Climate ChangeCurrent YearEnvironmentUncategorized

Earth Day

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Gary Selnow, Ph.D., Executive Director, WiRED International

It’s heartwarming to see the flood of public enthusiasm for this year’s 54th Earth Day celebration. My inbox was filled with organizations announcing programs to recognize this year’s theme: Planet vs. Plastics. It’s a worthy observance, given the mounting evidence of plastic trash filling the oceans and plastic residue filling our bodies; even newborns today arrive on planet earth with microplastics in their placentas.[1]

Plastics might be the headliner this year, but it’s far from the only climate issue occupying the attention of many people, organizations and companies. The oceans, which absorb 83 percent of global carbon,[2] are warming 40% faster than predicted several years ago.[3] Higher air and ocean temperatures have accelerated the melting of glaciers responsible for measurable sea-level rise.[4] Higher ocean temperatures and water acidity are killing off coral reefs at unprecedented rates.[5] Fish populations are migrating toward the poles and diving deeper to find cooler waters.[6] Changing fish populations impact the fishing industry and send boats greater distances in search of productive fisheries; still the boats come home with lower yields.[7] This has an economic impact and also increasing geopolitical and military implications, as territorial conflicts arise.[8]

The impact of climate change on our air may be the most obvious.[9] Average air temperatures have steadily increased over the decades, but last year, alarmingly, they leaped to model-breaking levels confounding climate scientists.[10] Spiking temperatures and accompanying droughts elevate the incidence and expanse of wildfires across the planet. Higher temperatures directly increase health-related sickness including cardiovascular, respiratory and cerebrovascular diseases. Increases in ground level ozone[11] contribute to asthma, now a major health problem globally and especially among children in low-resource communities.[12] Increased storm incidence and intensity and the flooding they cause cost lives, destroy property and lead to geopolitical disruptions as people emigrate from inhospitable regions. The sweeping effects of climate change are now as evident to the casual observer as they have been for years to global scientists bearing hard empirical data.[13]

Present trends cannot continue without severely impacting all life on earth. So, it is gratifying to see the public celebrating Earth Day. But that is not enough. Buying T-shirts with Earth Day slogans isn’t enough. Recycling cardboard isn’t enough. Picking up trash on the beach is not enough. Attending Earth Day concerts and art festivals and writing essays like this one are not enough. They are barely a start.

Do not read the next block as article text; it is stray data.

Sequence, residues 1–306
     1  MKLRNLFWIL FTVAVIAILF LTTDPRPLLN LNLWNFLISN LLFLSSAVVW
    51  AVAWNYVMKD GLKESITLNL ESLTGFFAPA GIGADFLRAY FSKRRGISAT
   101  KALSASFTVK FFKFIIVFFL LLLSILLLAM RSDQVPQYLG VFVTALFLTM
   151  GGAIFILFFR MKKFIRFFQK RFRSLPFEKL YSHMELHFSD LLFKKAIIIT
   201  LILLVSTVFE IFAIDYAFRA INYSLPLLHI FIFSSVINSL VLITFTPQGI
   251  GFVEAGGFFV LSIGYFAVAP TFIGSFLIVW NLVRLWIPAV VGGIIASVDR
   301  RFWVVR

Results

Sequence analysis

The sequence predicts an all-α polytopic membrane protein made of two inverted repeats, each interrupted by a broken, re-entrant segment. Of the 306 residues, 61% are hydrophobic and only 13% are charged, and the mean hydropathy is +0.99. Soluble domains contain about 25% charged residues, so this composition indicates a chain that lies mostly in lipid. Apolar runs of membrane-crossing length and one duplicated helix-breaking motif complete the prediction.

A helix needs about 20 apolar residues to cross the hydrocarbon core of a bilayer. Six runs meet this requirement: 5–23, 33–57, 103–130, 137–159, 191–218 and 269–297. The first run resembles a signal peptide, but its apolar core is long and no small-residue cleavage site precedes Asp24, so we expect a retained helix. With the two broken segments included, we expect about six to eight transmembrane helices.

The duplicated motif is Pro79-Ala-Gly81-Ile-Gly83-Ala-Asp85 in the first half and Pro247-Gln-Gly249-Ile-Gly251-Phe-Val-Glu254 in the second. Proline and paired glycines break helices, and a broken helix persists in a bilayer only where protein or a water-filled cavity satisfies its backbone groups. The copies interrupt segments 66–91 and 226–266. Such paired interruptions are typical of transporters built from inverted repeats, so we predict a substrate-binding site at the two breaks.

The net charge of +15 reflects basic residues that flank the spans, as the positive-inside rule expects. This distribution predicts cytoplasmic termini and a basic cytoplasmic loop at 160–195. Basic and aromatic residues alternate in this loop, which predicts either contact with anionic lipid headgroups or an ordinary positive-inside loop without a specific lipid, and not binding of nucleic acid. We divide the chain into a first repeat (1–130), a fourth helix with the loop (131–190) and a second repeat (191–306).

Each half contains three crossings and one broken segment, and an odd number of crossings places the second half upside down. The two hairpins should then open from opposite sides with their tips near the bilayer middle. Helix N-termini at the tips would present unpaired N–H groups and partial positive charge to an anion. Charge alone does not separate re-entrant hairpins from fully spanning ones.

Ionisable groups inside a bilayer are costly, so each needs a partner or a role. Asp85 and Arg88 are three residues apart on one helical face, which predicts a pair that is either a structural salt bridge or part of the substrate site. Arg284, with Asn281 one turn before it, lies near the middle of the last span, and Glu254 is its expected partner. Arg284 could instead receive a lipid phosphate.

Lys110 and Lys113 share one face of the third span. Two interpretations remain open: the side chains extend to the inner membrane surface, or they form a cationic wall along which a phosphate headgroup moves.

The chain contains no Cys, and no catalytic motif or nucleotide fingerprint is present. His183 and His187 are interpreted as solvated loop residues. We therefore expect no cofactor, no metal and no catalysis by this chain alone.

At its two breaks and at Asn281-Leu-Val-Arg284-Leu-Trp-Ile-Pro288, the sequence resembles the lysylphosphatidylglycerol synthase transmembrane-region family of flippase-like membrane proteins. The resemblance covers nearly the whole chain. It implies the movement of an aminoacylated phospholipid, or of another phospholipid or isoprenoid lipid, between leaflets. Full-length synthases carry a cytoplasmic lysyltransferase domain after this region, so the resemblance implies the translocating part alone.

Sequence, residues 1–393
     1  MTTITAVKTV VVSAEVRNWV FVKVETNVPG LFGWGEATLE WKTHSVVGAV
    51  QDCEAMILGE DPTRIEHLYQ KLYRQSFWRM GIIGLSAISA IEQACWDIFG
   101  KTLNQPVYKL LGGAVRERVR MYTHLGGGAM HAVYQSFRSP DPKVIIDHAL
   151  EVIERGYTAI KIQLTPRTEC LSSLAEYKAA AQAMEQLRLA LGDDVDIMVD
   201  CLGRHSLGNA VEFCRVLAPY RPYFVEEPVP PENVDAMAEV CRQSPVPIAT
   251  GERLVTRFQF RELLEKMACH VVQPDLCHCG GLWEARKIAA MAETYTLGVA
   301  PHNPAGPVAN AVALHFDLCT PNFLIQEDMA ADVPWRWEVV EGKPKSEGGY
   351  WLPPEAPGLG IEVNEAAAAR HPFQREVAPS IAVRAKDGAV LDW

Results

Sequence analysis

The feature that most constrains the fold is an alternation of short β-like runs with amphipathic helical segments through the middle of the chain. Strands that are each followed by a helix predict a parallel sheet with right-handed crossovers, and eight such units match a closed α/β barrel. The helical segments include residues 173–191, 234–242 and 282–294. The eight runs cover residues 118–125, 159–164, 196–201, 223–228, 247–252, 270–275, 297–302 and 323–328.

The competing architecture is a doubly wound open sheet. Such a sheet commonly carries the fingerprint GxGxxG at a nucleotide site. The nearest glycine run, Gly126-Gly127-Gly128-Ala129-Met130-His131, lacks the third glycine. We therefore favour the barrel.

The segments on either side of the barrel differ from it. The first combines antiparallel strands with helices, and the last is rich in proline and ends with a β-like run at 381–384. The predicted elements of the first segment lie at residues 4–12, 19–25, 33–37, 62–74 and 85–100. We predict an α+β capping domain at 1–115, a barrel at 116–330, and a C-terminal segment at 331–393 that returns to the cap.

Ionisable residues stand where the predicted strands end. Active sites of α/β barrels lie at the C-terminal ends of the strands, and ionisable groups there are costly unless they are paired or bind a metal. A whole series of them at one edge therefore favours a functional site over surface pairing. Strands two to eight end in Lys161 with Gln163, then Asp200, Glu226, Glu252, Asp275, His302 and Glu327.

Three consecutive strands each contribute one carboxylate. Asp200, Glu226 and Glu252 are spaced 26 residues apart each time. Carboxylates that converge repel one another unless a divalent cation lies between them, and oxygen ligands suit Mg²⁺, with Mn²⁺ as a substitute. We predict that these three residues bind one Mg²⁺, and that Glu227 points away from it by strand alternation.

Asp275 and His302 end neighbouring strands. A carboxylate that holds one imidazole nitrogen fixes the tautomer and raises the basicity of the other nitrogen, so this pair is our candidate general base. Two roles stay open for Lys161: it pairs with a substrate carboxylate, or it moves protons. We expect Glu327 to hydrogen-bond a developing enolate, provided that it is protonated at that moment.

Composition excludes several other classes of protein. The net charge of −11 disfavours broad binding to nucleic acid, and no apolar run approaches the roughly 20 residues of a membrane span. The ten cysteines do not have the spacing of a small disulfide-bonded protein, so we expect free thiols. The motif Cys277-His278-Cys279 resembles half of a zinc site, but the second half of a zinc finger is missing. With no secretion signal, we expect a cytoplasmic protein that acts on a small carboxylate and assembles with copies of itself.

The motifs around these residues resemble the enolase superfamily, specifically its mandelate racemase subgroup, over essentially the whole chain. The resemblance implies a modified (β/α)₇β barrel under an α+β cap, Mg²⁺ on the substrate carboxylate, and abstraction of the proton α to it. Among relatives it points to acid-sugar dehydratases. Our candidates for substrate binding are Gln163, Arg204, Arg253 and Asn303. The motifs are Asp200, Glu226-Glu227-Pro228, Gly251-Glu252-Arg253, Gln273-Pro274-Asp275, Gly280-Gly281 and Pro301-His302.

Climate change must be addressed by large collectives and that means governments. Only large, concerted efforts have a chance of slowing destruction of our planet. Yes, private industry must press its shoulder to the cart. In the best of all worlds, corporations would lead the world to carbon reduction and cleanup, with efficient manufacturing, smarter products and better use of natural resources. But governments need to establish a framework for industries, organizations and populations more generally to adopt policies and behaviors that contribute to collective solutions.

Such a framework might include the promotion of wind and solar farms, the adoption of energy saving appliances and vehicles, and amping up recycling programs that actually recycle. It might include policies that build lifecycle costs into purchase prices and then apply those funds to remediation. Some will complain that such measures are costly and cannot be imposed on consumers. Really? Does anyone believe that the impacts of climate change even now aren’t already costing us? Those costs will spike out of sight in the years ahead.

WiRED International recognizes that human and animal health are inextricably linked to the health of our planet. Climate change is a major factor impacting both, and it’s impossible to consider one without the other. Disease, hunger, migration, and even loss of life are all directly affected by the quality of the air and water that sustains all life.

This Earth Day, we acknowledge the challenges posed by climate change with open eyes. But we also hold onto the knowledge that we can still reverse course. We are optimistic that with collective action—including a strong commitment to goals and a policy framework for change—we can alter direction and build a healthier future for ourselves, for animals, and for the planet we all share.